Other Procurement, Navy........................................   186
    Private Contracted Ship Maintenance..........................   198
    Explosive Ordnance Disposal Equipment........................   198
  Procurement, Marine Corps......................................   199
    Automated Parts Screening and Selection Tool for Additive 
      Manufacturing..............................................   205
  Aircraft Procurement, Air Force................................   205
    Open Skies Treaty and OC-135 Recapitalization................   211
    Battlefield Airborne Communication Node......................   211
    LC-130H Aircraft.............................................   211
    MQ-Next......................................................   212
    F-15EX.......................................................   212
    C-130 Fleet Management Plan..................................   213
    Critical Infrastructure Investments..........................   213
  Missile Procurement, Air Force.................................   213
  Procurement of Ammunition, Air Force...........................   217
  Other Procurement, Air Force...................................   220
  Procurement, Space Force.......................................   225
  Procurement, Defense-Wide......................................   228
    Chemical Biological Situational Awareness....................   234
  Defense Production Act Purchases...............................   234
TITLE IV. RESEARCH, DEVELOPMENT, TEST AND EVALUATION.............   235
  Reprogramming Guidance for Acquisition Accounts................   237
    (Including Base and Overseas Contingency Operations Funding).
  Funding Increases..............................................   237
  Research, Development, Test and Evaluation Special Interest 
    Items........................................................   237
  Federally Funded Research and Development Centers..............   237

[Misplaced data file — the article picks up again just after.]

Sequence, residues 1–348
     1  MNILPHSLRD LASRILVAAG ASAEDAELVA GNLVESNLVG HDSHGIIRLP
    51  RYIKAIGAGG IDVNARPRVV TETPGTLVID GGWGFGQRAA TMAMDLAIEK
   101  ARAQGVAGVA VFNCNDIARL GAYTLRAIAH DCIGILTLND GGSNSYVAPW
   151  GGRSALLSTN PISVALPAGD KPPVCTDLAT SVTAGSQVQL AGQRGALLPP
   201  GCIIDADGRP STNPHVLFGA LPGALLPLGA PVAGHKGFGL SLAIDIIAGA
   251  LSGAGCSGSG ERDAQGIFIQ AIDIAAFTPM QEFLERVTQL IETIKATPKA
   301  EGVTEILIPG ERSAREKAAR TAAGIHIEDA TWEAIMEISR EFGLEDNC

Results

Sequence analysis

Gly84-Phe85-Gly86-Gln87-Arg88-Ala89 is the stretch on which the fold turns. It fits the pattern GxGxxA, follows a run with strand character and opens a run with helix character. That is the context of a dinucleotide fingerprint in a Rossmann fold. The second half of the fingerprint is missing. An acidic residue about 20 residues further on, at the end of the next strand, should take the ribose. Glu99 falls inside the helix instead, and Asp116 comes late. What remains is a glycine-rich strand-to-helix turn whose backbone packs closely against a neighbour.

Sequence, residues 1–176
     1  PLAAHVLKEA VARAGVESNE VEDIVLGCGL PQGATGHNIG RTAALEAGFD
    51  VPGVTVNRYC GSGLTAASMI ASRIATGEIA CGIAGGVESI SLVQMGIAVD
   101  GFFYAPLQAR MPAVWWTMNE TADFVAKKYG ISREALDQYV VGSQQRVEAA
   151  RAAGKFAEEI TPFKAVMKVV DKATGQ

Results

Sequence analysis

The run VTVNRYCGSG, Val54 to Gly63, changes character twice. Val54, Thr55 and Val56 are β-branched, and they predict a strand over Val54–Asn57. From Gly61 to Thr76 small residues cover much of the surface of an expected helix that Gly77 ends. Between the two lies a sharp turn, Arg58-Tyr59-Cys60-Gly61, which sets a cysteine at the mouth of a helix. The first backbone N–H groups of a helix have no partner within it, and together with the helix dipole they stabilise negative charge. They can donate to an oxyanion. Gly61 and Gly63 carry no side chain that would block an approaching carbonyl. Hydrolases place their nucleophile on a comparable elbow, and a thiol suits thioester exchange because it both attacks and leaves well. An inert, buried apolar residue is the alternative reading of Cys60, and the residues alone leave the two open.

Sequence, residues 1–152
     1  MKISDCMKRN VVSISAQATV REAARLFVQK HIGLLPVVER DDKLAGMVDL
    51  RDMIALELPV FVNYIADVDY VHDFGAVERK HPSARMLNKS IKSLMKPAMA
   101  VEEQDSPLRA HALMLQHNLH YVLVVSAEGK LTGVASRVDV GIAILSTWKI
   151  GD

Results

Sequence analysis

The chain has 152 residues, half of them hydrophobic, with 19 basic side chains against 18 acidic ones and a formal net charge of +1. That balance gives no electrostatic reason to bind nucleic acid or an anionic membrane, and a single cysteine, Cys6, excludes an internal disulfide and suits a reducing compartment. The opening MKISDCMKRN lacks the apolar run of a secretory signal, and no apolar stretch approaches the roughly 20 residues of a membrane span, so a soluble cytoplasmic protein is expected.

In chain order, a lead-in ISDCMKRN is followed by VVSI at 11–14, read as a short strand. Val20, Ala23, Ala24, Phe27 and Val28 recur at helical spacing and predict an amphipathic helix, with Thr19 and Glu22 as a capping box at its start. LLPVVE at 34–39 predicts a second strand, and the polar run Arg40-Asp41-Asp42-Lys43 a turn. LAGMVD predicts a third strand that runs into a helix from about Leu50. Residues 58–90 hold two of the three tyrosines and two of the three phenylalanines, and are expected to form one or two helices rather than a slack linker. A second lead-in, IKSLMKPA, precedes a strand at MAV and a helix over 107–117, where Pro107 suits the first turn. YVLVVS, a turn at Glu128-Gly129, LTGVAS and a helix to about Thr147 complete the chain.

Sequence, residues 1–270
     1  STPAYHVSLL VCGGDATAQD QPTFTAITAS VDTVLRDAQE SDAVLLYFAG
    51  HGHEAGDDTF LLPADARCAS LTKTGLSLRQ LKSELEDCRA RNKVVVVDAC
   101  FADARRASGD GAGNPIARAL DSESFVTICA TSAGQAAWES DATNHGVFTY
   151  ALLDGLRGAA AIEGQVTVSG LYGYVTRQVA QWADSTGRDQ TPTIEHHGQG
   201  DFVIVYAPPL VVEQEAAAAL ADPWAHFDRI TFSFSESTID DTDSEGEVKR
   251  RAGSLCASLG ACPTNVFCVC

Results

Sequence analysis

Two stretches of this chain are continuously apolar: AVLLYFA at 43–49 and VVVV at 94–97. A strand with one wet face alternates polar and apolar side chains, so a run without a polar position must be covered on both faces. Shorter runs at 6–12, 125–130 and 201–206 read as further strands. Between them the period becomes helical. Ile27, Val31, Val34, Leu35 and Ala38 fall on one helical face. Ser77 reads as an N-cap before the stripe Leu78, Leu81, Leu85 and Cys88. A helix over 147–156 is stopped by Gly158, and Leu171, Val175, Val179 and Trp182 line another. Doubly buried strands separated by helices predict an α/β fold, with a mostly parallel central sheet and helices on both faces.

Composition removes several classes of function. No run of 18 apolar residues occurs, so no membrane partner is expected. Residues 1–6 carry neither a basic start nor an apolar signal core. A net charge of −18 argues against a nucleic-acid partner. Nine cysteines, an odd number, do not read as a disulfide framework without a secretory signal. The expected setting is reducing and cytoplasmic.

Human Performance Optimization Research........................   238
  Research, Development, Test and Evaluation, Army...............   238
    Shoulder Launched Munitions..................................   254
    Advanced Manufacturing Center of Excellence..................   254
    Dengue Vaccine Development...................................   254
    Army Artificial Intelligence Innovation Institute............   254
    Future Long-Range Assault Aircraft...........................   254
    Future Vertical Lift Sensor Payloads.........................   255
    Army Command Post............................................   255
    Armored Door Assist Systems..................................   255
  Research, Development, Test and Evaluation, Navy...............   255
    Small Business Innovation Research Program...................   275
    Underground Fuel Storage Tank Research.......................   275
    Advanced Tactical Unmanned Aircraft System...................   275
    Infrared Telescope Technology................................   275
    Anti-Corrosion Nanotechnology................................   275
    Ocean Acoustics..............................................   276
    Foreign Object Damage........................................   276
    Integrated Power and Energy Systems..........................   276
    Stern Tube Seals.............................................   276
    Coastal Environmental Research...............................   277
    Navy Alternative Energy Research.............................   277
    Interference Mitigation Technology Test and Verification.....   277
  Research, Development, Test and Evaluation, Air Force..........   277
    Program Element Consolidation................................   293
    Hypersonics Prototyping......................................   293
    Advanced Battle Management System............................   294
    Minority Leaders Program.....................................   296
    Skyborg and Low-Cost Attritable Aircraft Technology..........   296
    Affordable Multi-Functional Aerospace Composites.............   296
  Research, Development, Test and Evaluation, Space Force........   296
    Space Force Organization and Management......................   301
    Next Generation Overhead Persistent Infrared.................   302
    Overhead Persistent Infrared Enterprise Architecture.........   302
    National Security Space Launch Program.......................   302
    Directed Energy Research Collaboration.......................   303
  Research, Development, Test and Evaluation, Defense-Wide.......   303